A federal district court in California has added to the small body of case law addressing whether it’s permissible for one party to use another party’s trademark as a hashtag. The court held that, for several reasons, the 9th Circuit’s nominative fair use analysis did not cover one company’s use of another company’s trademarks as hashtags. Whether a hashtag is capable of functioning as a trademark, the topic of two of Socially Aware’s most popular posts, is—of course—another issue entirely.

In what The New York Times describes as “the latest in a line of rulings allowing companies to use arbitration provisions to bar both class actions in court and class-wide arbitration proceedings,” the Supreme Court held that the employment agreements of workers at the lighting fixture retailer Lamps Plus can’t band together to sue the company for allegedly failing to protect their data. The details of the data breach make for an interesting read.

The U.K.’s data regulator has proposed rules that would prevent social media platforms from allowing children to “like” posts. Here’s why.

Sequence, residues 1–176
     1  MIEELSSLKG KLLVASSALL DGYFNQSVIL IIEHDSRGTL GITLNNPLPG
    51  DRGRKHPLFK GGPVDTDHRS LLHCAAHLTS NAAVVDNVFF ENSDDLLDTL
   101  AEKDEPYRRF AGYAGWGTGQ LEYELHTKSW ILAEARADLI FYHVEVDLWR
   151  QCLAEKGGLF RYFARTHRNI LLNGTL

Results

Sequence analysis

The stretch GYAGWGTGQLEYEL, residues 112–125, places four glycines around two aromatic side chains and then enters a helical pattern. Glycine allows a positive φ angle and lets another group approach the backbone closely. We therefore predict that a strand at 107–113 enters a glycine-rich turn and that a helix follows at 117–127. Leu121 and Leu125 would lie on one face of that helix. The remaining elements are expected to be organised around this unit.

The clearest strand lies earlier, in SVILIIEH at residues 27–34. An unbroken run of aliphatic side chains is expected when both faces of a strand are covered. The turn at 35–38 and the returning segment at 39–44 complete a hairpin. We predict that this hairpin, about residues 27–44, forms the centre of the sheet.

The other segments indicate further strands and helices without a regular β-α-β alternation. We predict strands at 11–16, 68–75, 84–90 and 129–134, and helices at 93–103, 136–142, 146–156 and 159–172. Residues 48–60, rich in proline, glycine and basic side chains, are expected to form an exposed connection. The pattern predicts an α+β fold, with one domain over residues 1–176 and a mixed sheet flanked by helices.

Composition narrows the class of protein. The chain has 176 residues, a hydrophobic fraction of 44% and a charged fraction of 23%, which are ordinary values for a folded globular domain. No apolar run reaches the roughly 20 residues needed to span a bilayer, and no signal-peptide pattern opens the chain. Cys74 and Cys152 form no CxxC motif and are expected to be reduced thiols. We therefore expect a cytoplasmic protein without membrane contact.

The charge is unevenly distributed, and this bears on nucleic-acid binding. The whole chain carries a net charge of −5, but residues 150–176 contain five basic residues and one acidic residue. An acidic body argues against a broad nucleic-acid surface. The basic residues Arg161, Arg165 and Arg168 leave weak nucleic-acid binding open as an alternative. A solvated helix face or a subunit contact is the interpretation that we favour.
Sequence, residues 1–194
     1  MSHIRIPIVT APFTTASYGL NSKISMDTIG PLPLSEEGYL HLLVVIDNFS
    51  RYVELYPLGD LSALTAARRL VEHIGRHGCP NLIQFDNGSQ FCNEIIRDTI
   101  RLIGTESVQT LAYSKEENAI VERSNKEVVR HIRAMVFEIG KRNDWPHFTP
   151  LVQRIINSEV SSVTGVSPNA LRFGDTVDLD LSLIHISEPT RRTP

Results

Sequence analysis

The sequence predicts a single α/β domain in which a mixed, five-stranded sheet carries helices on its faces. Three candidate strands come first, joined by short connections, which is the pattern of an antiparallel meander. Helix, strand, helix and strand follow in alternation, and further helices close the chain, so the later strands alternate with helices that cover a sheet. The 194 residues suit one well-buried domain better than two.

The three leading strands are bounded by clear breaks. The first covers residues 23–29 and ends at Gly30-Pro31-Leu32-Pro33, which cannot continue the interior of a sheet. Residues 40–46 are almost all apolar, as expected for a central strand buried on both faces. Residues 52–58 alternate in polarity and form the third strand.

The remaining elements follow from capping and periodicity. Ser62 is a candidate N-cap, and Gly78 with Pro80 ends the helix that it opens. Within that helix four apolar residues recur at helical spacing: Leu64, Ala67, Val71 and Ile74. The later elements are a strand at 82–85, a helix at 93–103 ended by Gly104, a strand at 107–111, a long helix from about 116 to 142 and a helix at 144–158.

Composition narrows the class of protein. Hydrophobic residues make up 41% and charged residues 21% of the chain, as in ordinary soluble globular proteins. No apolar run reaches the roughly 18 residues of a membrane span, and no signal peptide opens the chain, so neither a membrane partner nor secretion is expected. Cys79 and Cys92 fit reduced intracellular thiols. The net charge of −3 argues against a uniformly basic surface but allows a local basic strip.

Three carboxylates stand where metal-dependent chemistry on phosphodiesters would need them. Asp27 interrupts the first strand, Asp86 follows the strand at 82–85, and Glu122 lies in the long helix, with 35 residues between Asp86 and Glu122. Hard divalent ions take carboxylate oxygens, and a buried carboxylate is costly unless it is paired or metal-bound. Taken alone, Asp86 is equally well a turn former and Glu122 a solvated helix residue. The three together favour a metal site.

Officials in a Georgia city might pass a law that would allow elected and appointed officials and employees of the city to sue—at the city’s taxpayers’ expense—anyone who defames them on social media.

Instagram influencer Gianluca Vacchi, who is not a fictional character, but—according the complaint he filed in a federal court in New York—“an international social media celebrity, influencer, fashionista, and disk jockey” —is suing E*Trade for allegedly depicting a character in its commercials who is “stunningly identical” to him. The suit claims copyright infringement, Lanham Act false association and unfair competition, and violation of New York’s right of publicity and privacy.

The Chinese social media company Weibo restored access to this type of content from its platform after significant backlash from its users.

In the age of smartphones and social media, what can trial lawyers do to secure a jury that relied only on the evidence presented in court?

Artificial intelligence is informing which items McDonald’s includes on its outdoor digital menu displays.

The California State Bar is considering using artificial intelligence, too. The bar hopes that AI can help it to more efficiently determine which attorney misconduct complaints to pursue, and perform a function that affects every wannabe lawyer.

Should Wendy’s put Spicy Chicken Nuggets back on its menu? Social media users have spoken (with some prompting from Chance the Rapper).